My friend Elena makes the most beautiful chain jewellery (see some examples at the end of the post). I was so inspired by her efforts that I really wanted to have a go at making my own. I bought a book on her recommendation: Handcrafting Chain and Bead Jewelry by Scott David Plumlee and started getting excited about all the beautiful things I wanted to make. Then I hit a snag! Making chain jewellery depends on having the individual chain links (jumprings) measure particular internal diameter sizes in order to get the right dimensions and designs. The commercially available jumprings that you can buy for making other jewellery tend to be sold by external diameter rather than internal diameter, and are therefore difficult to use for making chain. The book has a complicated formula for figuring out how to work out the desired external diameter you need.
Elena makes her own jumprings by winding wire by hand around a mandrel of the desired size to form a tight coil then cutting the coil into individual rings using a fine saw (she also makes all her own clasps and other bits and pieces – known as findings). If you are making lots of jumprings you can use a hand-drill or an electric screwdriver, putting the mandrel in the chuck, to get your coil. Cutting the coil into jumprings isn’t easy because you need to make sure that the internal diameter of your rings is correct and consistent. First step is to mark a straight line along the coil so that you are always cutting in the right place (otherwise your rings will be different sizes). Using a saw removes a small portion of your ring so you need to compensate for this by using a slightly larger mandrel. You can use wire cutters but they typically have wedge-shaped blades which leaves one end of the wire flush but the other end has a pointed burr so you don’t get a clean join for your ring. It is possible to make 2 sets of cuts to remove the burr but 1) it takes twice as long and 2) it makes achieving the right internal diameter much more difficult.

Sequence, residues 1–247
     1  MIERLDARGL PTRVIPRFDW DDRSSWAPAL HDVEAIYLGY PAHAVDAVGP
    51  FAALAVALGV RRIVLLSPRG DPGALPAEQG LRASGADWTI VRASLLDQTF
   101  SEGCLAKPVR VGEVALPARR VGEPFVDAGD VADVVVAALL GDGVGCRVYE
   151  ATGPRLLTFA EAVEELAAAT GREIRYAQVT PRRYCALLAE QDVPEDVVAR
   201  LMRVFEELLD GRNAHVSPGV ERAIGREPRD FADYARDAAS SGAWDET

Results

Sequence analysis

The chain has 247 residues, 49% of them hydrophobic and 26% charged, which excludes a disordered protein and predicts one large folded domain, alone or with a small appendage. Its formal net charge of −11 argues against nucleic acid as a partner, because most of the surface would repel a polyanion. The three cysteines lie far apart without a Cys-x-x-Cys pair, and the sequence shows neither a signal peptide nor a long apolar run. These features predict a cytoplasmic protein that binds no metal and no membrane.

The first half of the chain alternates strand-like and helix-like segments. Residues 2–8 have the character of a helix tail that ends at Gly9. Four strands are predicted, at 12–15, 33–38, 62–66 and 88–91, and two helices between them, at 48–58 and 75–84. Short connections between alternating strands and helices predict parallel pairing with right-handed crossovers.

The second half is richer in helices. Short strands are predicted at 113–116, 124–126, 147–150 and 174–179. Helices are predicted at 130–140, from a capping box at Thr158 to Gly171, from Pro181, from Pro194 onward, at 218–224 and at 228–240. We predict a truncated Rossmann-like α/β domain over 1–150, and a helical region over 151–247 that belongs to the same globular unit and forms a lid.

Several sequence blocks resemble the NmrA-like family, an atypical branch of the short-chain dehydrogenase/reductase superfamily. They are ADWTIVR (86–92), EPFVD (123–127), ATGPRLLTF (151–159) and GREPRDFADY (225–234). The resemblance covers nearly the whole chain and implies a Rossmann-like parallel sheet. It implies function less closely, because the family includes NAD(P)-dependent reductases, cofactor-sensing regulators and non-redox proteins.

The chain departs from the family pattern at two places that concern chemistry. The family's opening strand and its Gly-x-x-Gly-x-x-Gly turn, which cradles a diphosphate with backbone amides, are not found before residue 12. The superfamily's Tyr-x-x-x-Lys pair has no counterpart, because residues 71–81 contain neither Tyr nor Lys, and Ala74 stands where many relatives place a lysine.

I bought some wire and mandrels to start making my own jumprings and discovered that it was a lot more difficult to do than Elena made it look. Also all the small movements in winding the wire and then sawing or cutting played havoc with my neck and shoulders so I couldn’t really continue with this jewellery. Elena offered to make me some jumprings but it seemed like an enormous imposition – although eventually after I offered to pay her we figured out that we could trade skills with my making something else for her e.g. cards.
Then I saw a kitset for making a chain bracelet in a craft catalogue and ordered it so that I could finally see whether I enjoyed making the chain and if it was going to be something I wanted to continue with. To start with I found it quite fiddly and I always struggled to get the second jumpring of a pair through the space. It also makes a difference if you have the right tools – 2 sets of chain nose pliers. I only had one and made do for the second with a different sort of pliers, but it made a huge difference once I got the second set later. But about half way through I finally got the hang of it and got into a rhythm – I was hooked!! Definitely time to work on what to trade with Elena.
On the off-chance, I looked to see where the kitset had originated from and whether they sold ready-made jumprings to individual customers. And they do! Weave Got Maille (love the name!!) is based in the US but supply wholesale and to individuals and will deliver around the world. They have a huge selection of different wires, pre-cut jumprings of all sorts of gauges and sizes in a fantastic range of colours, and various findings. I was also excited to discover the large number of kitsets and tutorials they had available. I ordered a selection of different kitsets to try out different designs and see what different colours were like; it also gave me the instructions for all of the designs so I could use them later. It only cost NZ$8 for postage and despite being over the Christmas/New Year period they arrived in 8 days. Finding a source of pre-cut jumprings has opened up the fascinating craft of making chain jewellery to me and let me focus on the creation of pieces rather than wire winding and cutting.
Watch my blog over the next months to see some of the things I am making but in the meantime here are some photos from Elena of her chain jewellery.